They say first impressions are important. Ashante Little seems to have that nailed down, judging by her first encounter with Dave Cusano, Wheaton’s head track and field coach, during his first season on campus in 2012.
“When I first met Ashante, she asked, ‘How are you going to make me a national champion?’” Cusano recalls. “I knew right from that moment that I was going to have an opportunity to coach someone very special.”
Their teamwork, indeed, has led Little to her greatest achievement on the track. Last spring she captured her first career national title with a personal best time of 54.79 seconds in the 400-meter dash at the NCAA Division III Outdoor Track & Field Championship in La Crosse, Wis.
“Before the final of the 400-meter, coach told me I could do it,” she says. “It had been a long weekend and we still had races to finish, but his trust and reassurance kept me out of my own head and helped me stay as focused and on target as I could be.”
As Cusano recalls, “Was I nervous about Ashante’s race? No, but I could see signs of fatigue from her racing eight times over a three-day span at the biggest meet of the season. But what she expected from herself was greatness and she achieved it.”
Once Little crossed the finish line, she not only celebrated her accomplishment with Cusano, but also inked her name in the Wheaton track and field program record book as the 19th student-athlete to earn a national title, something that hadn’t been accomplished since Amber James ’04 earned crowns in both the 200-meter dash and 400-meter dash nine years earlier in the same venue.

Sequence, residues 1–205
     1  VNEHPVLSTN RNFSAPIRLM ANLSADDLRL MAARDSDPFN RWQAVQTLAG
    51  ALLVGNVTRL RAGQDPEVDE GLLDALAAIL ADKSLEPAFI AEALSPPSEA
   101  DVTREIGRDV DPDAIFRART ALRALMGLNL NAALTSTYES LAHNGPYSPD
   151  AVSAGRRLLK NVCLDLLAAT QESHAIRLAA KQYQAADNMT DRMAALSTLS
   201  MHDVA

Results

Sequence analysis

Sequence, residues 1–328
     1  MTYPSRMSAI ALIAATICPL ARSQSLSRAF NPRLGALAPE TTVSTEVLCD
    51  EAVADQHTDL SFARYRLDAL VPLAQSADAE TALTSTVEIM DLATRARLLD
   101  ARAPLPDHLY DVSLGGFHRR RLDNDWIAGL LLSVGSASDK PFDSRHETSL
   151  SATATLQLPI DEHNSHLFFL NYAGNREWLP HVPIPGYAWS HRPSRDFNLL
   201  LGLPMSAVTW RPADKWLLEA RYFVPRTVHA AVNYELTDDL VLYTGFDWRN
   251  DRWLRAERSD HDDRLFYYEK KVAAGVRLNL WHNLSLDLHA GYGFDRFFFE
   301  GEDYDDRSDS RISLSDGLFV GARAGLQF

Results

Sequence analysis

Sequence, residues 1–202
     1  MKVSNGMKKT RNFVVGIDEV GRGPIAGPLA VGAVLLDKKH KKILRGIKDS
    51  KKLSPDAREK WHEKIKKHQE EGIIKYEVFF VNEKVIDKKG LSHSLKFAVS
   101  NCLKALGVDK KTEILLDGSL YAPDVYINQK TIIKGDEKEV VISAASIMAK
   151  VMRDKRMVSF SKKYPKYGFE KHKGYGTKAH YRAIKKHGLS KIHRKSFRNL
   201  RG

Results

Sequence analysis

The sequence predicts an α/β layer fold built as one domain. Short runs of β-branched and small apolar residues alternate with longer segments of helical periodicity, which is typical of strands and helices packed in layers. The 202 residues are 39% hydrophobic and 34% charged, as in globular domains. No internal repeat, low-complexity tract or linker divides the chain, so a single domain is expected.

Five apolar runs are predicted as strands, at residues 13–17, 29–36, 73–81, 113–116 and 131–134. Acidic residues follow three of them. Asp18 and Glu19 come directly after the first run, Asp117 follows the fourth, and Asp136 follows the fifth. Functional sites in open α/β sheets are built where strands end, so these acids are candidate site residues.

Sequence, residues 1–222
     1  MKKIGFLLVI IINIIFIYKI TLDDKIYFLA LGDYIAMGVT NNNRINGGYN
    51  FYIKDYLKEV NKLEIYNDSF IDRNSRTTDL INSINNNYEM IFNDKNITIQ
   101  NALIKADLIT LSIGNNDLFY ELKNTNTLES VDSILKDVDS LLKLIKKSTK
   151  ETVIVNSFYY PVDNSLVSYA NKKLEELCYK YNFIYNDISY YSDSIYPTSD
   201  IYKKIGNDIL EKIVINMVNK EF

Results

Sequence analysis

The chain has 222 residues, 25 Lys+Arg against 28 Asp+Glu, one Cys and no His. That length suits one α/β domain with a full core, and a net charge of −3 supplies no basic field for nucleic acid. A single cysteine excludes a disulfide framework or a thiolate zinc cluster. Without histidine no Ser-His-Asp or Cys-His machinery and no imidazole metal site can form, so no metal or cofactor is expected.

In addition to this crowning achievement, Little had enjoyed a very successful first season with the Lyons, earning two impressive honors—New England Women’s and Men’s Athletic Conference (NEWMAC) Outdoor Track & Field Co-Rookie of the Year award and a spot on the All-Conference Second Team (outdoor 400-meter hurdles). But she wanted more.
“I realize now that I had never truly pushed myself before Coach Cusano’s arrival. He helped me to see that greatness didn’t come just from doing physical work, but that all aspects of my life needed to fall into suit with my goals,” says Little. “Coach has taught me that in order to be the best athlete I can be, I need to be my best ‘self’,’ which includes being emotionally and mentally strong.”
Since the two have been working together, Little’s performance on the track has improved. Over the past three seasons, she’s earned not only a national title, but also nine All-America honors. She also is the sole holder of three Wheaton records in the 100-meter hurdles (outdoor), 500 meters (indoor), and 600 meters (indoor).
A major in African, African American, Diaspora studies, Little’s drive to succeed in athletics matches her desire to excel in the classroom. She credits Professor Shawn Christian, her advisor, for helping her stay on track for academic success.
“Professor Christian has shaped my Wheaton career tremendously by going above and beyond. Year after year at Wheaton, he has been more than supportive in both my academic and athletic pursuits. He has worked with me to identify my goals, which is reassuring as a senior trying to figure out what comes after Wheaton.”
Outside of the classroom, she has been busy helping current students as well as helping Wheaton prepare for the future. She is one of two students selected to serve with faculty and staff on the Presidential Search Committee.
“To play such an integral role in the future of the institution is quite gratifying,” she says.
She also is a mentor for first-year student-athletes, a role she created with Dean Alex Vasquez and Associate Director of Athletics Lisa Yenush ’90.
As for postgraduation plans, Little says, she’s keeping her options open, including the possibility of applying to graduate schools.
One thing is for sure, says Cusano, given her track record, “She is the type of person who can accomplish whatever she seeks.”